Tuesday, May 25, 2010

Murray outlives sublime Gasquet

Andy Murray came back from two sets to love down to overcome Richard Gasquet in the first round of the French Open yesterday. No doubt, Murray as is the norm in such triumphs, showcased incredible pluck and stamina in conjuring a remarkable comeback, but the manner of Gasquet’s capitulation was chiefly a product of the Frenchman’s steadily deteriorating fitness.

A captivating first two sets saw Gasquet outdo Murray with strokes executed with a rare combination of power and style, with the finesse on his backhand, particularly impressive. His single-handed backhand is so powerfully hit that it is almost embarrassing to call the shot pretty, but the splendour with which the shot is performed, certainly makes it one of the grandest sights in men’s tennis. His knack of producing prodigious top spin coupled with his ability to hit flatly and accurately on the up, make his backhand his strong-suit, a rarity in the modern game. This though should not take anything away from an effective, if not entirely imposing forehand, a serve on which he is capable of pairing power with precision and the dexterousness of his volleying.

After breaking Murray’s serve at 4-5 to take the first set, Gasquet carried his exquisite stroke-making to the second set, although signs of fatigue slowly began to emerge. With neither player managing to break the other’s serve, the second set was settled in favour of the Frenchman only by way of a narrow tie-breaker. Although seemingly exhausted, at the end of the second set, Gasquet was able to break Murray’s serve and take a 3-2 lead, in the third set, only to see the Scot fight back with typical resolve. In moving Gasquet to different corners of the court, Murray showcased all his spirit and nous, taking the third set 6-4, at which point as ludicrous as it may sound, the Scot already seemed destined to triumph.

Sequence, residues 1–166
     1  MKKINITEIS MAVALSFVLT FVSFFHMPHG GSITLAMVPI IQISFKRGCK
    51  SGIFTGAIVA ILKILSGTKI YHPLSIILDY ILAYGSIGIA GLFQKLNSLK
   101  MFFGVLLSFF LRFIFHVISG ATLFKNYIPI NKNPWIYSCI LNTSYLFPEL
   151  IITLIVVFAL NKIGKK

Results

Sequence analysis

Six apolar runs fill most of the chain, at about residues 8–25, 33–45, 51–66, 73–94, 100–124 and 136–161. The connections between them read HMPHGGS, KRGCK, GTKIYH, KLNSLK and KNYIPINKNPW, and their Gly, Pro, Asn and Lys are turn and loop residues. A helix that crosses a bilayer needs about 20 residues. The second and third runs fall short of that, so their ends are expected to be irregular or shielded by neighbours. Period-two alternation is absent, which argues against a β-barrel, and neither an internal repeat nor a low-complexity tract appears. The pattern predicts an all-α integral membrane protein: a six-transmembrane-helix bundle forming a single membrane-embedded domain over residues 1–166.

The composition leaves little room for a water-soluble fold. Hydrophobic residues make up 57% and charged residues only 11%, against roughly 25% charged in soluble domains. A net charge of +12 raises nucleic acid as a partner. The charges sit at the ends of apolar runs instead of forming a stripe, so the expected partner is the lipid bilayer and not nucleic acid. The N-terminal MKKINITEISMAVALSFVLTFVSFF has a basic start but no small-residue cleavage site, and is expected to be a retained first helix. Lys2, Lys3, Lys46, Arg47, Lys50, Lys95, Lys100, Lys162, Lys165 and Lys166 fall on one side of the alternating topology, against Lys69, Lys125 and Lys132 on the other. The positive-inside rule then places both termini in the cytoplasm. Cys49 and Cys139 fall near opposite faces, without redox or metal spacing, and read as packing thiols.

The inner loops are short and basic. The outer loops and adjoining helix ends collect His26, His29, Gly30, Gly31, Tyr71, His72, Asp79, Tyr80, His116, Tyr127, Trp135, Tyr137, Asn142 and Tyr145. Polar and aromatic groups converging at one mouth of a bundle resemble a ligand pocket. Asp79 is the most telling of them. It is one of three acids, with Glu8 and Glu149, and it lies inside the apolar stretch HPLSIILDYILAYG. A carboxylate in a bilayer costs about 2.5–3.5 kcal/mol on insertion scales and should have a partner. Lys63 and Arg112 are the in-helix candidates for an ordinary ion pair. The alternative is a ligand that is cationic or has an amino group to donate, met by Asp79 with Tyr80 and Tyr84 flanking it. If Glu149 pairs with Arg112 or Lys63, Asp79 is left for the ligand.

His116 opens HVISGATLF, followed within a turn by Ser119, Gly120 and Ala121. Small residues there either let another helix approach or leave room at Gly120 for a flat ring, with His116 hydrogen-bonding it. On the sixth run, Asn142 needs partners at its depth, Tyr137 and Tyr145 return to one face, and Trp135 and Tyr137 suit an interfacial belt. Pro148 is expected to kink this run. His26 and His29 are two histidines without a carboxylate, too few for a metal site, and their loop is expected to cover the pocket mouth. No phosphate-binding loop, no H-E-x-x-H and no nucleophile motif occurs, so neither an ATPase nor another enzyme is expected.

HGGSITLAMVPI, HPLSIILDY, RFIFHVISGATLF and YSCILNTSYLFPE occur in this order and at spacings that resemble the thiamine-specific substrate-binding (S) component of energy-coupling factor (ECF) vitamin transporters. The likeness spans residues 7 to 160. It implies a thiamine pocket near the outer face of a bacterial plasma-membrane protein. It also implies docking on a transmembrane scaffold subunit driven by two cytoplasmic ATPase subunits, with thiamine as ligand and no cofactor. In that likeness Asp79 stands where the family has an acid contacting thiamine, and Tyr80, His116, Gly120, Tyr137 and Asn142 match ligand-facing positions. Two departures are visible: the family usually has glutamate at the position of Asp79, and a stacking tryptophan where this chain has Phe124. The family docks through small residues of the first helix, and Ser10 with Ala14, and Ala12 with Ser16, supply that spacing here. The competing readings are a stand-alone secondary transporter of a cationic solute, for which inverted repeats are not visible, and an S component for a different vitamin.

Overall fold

Possessing an almost innate understanding of the geometry of a tennis court and with Gasquet visibly fatigued, Murray invented strokes of remarkable angular precision. Shattered, Gasquet was reduced to hitting in hope, a strategy which Murray thwarted by continuing to move Gasquet to all parts of the court. Several astute lobs and drop-shots later, Murray wrapped up the final two sets with relative ease; 6-2 and 6-1.

Murray’s defensively modelled game though, while ultimately proving successful may well have brought about his downfall, had Gasquet not fatigued. As he advances through the rounds, Murray may not come across players as sublimely skilful as Gasquet, but they are likely to be fitter and tougher competitors. Murray certainly seems to own an ability to win a grand slam tournament, but he needs to find a way to make shorter work of the early rounds, if he is to have a chance of achieving the final goal.

For Gasquet, a failure to win a contest which he should have bagged with ease will be painful. But having endured an ultimately overturned drug ban, the talented Frenchman can take a lot of positives from the clay court season. A tournament victory in the ATP Tour after a gap of three years, achieved at Nice barely two days before the start of the French Open and a hard fought loss, in which for large parts he outshone Murray are sure to stand him in good stead in the days to come. A shift in focus to the grass courts, a surface not so demanding on his fragile body and more suited to his style of play is also certain to help. Tennis needs its stylists and one can only hope that Gasquet can endure the roughness of the tour and challenge for the top honours, which his game richly deserves.


Anonymous said...

Nice post. You are quite correct to observe that Gasquet's fitness has been steadily deteriorating, as proved by the number of losses that he has suffered recently in Grand Slam. That too, mostly in five-setters.
One can only hope that the stylist improves his fitness and translates his immense ability to more substantial achievements

Suhrith said...

@Anon: Thanks.